Council budget cuts mean Cardiff’s annual festival of cycling will not be able to go ahead this year.
The money, usually used for the event, which has attracted hundreds of people to the city for the last three years, will be used to improve cycle infrastructure in the city, the council has claimed.
Last year the festival ran over 16 days in June, to coincide with National Bike Week. Events such as Bicycle Ballet and Bike 2 the Future have been particular highlights.
Paul Van Steeland, owner of Cardiff Cycle Tours, told Wales Online the absence of this year’s festival in the cycling calendar was a “real pity”.
“It’s obvious to me that cycling is a victim of the cuts,” he said.
“Last year [the festival] was a bit up and down, some of it was really bad, some of it was quite good but that doesn’t mean it should be stopped.
“In terms of cost I don’t understand why the council have to drop it because it wasn’t really a huge investment – they’re probably only going to save a couple of thousand.
“It’s a real pity that the council is not able to see the long term benefits of the festival as cycling does make the city more attractive. There’s definitely an economic benefit to it which I think not everyone really understands.”
He added: “This does however provide companies such as myself an opportunity to work with each other to provide something similar albeit on a smaller scale.”
A Cardiff council spokeswoman said: “To focus on the delivery of a £1.5 million new cycle infrastructure in the capital by spring 2014, it has been decided to rest the Cardiff Cycle festival this year.
“We aim to resume our involvement in the Cardiff Cycle Festival in 2015.
“In the meantime we would support any external organisation who might wish to take the lead in organising a Cycle Festival for 2014 and would be happy to participate in this event.”
Legal obligation to provide infrastructure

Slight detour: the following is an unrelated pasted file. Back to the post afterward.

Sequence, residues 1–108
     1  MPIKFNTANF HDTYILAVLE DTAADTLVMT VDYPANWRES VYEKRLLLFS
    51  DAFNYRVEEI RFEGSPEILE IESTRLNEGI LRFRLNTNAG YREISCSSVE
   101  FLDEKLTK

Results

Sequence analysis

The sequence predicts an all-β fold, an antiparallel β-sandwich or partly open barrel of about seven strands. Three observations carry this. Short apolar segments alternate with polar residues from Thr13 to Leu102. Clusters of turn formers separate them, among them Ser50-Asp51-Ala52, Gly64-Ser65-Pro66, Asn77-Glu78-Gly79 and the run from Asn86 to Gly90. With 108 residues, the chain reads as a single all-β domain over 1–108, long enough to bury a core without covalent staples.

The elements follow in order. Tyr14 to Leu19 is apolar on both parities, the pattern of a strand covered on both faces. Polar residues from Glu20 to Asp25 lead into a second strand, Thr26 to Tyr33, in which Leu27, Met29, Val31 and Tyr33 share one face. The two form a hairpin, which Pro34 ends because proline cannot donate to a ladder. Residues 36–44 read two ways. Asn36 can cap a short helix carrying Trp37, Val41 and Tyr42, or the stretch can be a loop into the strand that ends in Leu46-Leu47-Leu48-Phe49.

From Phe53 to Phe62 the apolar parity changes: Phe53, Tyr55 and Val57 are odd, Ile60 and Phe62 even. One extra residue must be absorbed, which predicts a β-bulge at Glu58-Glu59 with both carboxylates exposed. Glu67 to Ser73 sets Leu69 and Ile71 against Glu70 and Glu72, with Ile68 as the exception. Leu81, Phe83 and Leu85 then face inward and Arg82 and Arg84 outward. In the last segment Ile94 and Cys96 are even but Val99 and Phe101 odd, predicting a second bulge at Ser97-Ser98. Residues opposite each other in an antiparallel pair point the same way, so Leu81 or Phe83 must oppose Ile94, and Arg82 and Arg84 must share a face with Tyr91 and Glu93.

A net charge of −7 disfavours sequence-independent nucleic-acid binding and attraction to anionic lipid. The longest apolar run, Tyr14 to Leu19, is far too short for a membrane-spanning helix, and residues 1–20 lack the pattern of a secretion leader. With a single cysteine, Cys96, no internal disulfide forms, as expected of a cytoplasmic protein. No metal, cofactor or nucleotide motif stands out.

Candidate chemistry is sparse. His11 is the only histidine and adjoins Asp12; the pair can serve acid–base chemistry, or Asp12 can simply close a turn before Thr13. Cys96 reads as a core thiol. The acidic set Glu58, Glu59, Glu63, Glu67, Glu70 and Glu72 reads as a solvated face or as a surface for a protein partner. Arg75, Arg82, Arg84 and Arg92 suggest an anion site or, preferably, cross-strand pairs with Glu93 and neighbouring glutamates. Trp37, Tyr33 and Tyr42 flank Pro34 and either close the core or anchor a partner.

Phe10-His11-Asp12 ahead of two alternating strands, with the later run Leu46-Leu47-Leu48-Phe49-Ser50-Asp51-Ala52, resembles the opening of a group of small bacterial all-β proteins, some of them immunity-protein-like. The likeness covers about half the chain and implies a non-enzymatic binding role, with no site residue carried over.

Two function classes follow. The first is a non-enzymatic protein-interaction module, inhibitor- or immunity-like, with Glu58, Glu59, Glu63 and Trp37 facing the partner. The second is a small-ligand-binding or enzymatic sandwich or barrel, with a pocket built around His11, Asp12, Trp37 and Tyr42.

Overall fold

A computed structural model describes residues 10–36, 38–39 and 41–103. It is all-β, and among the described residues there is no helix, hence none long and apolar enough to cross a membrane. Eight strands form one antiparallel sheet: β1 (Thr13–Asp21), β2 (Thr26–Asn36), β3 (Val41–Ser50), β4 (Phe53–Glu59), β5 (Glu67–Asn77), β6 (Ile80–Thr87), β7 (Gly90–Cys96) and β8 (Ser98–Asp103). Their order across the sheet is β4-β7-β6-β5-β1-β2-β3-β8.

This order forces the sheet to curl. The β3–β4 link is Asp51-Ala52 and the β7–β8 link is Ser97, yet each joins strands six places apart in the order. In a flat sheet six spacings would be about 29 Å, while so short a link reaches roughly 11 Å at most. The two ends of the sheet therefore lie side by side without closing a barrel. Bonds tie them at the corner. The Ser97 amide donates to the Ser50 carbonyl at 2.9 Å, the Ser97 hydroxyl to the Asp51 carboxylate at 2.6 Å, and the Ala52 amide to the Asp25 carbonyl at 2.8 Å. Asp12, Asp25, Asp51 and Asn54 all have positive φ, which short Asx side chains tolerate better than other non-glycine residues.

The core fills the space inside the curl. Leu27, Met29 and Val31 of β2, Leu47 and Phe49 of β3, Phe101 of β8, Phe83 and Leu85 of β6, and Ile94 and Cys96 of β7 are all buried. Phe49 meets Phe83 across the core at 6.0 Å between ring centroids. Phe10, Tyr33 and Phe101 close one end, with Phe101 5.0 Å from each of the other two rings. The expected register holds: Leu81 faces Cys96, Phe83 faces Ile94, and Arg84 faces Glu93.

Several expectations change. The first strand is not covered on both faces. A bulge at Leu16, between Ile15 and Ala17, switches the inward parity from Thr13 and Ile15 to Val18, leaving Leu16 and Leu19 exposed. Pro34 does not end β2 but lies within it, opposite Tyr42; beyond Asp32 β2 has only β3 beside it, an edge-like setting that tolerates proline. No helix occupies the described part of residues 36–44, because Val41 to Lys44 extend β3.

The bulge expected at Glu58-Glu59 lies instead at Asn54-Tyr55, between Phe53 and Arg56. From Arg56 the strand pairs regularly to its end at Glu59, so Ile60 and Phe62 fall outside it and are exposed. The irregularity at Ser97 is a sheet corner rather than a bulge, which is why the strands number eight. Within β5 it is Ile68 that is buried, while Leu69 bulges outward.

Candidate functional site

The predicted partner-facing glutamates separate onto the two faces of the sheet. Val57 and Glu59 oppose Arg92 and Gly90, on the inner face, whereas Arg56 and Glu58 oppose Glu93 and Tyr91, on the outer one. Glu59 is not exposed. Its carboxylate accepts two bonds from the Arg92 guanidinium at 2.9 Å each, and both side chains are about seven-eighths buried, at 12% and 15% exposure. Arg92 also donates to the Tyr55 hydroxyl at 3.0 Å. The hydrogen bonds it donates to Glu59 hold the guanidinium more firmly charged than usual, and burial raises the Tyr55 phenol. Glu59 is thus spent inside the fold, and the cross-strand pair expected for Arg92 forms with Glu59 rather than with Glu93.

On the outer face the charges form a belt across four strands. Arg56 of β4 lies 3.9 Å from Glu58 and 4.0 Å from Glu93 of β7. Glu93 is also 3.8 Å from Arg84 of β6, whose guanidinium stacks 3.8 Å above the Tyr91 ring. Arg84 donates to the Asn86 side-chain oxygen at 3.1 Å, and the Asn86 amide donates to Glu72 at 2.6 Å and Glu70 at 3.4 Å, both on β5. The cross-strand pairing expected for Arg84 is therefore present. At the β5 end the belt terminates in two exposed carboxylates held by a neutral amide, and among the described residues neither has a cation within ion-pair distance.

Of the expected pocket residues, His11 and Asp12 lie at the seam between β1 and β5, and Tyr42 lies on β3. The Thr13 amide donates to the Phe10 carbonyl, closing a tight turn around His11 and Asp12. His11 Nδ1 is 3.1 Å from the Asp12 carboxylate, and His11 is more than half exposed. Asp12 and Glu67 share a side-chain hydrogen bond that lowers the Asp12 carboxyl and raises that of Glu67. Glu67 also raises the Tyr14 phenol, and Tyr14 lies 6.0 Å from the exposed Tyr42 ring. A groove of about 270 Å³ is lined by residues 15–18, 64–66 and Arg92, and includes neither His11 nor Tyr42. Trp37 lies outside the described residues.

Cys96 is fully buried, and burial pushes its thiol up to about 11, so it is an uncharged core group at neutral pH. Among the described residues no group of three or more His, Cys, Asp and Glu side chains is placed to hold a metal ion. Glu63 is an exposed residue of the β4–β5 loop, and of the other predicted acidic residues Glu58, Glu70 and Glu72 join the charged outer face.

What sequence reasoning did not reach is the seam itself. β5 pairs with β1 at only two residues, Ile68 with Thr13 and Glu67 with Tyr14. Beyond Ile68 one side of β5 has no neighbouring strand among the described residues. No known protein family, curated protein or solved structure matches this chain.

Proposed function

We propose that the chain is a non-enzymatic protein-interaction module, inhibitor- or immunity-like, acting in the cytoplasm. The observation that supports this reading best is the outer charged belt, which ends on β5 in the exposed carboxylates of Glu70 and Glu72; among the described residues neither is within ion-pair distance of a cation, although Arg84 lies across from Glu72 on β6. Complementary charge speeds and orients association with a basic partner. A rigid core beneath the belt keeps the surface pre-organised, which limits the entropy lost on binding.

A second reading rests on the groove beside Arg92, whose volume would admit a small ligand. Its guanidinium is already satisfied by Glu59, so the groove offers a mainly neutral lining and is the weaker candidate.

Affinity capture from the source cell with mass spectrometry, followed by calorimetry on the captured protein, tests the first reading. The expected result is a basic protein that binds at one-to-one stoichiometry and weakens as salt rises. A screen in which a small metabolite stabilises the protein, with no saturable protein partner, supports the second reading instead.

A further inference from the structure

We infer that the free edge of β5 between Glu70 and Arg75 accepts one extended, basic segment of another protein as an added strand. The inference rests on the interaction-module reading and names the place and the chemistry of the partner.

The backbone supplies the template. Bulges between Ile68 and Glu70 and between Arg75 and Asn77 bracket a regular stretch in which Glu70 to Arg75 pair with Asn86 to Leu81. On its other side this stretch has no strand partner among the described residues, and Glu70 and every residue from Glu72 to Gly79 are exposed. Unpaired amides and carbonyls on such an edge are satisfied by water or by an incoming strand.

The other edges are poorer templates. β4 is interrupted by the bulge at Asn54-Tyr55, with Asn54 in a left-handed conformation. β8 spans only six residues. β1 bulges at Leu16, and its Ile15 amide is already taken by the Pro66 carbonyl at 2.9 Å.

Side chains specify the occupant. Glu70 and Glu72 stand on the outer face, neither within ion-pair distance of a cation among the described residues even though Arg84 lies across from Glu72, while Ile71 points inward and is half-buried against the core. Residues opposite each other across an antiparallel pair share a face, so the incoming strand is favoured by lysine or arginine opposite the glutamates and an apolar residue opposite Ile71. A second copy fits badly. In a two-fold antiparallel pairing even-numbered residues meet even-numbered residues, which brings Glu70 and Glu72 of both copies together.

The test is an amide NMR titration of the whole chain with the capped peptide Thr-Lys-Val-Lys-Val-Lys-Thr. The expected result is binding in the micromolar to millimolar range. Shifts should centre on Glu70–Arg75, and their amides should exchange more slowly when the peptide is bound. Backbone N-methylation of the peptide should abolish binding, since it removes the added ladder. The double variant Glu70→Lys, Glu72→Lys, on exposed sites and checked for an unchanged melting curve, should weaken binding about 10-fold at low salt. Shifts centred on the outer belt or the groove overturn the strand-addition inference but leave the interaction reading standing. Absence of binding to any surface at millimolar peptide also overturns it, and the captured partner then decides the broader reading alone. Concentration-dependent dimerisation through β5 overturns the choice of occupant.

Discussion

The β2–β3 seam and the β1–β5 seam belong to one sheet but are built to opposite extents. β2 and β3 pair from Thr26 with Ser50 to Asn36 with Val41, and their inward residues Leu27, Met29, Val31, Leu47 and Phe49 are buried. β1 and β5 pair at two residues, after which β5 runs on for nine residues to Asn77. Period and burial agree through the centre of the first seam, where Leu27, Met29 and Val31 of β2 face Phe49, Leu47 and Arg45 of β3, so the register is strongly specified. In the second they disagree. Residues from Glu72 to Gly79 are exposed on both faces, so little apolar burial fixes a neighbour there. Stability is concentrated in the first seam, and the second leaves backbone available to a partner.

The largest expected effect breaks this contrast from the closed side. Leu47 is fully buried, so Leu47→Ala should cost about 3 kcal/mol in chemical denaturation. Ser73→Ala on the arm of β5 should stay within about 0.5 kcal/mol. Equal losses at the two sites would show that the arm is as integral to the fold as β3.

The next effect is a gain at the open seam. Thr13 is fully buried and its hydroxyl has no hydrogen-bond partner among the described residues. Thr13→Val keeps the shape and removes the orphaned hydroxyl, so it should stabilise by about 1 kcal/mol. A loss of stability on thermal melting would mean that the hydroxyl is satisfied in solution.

Late last year, we reported how Wales’s ground-breaking Active Travel Bill was passed by members of the Welsh Assembly at the Senedd in Cardiff this evening.
It places a legal duty on local authorities to develop and maintain an integrated network of cycling and walking routes.
Sustrans Cymru, which hailed the Bill as a "world first" has been closely involved in campaigning for the legislation over the past six years.
Besides making it easier for people, whether on foot or bicycle, to travel between workplaces, hospitals, schools and shops using traffic-free routes or cycle lanes, it also aims to improve the nation’s health by reducing car dependency and encouraging them to get active.
Sustrans Cymru said the legislation could save the NHS in Wales more than half a billion pounds over the next two decades so long as it is implemented effectively.
After an unpromising start, having to be bribed by her parents to learn to ride without stabilisers, Sarah became rather keener on cycling in her university years, and was eventually persuaded to upgrade to proper road cycling by the prospect of a shiny red Italian bike, which she promptly destroyed by trapping a pair of knickers in the rear derailleur. Sarah writes about about cycling every weekend on road.cc.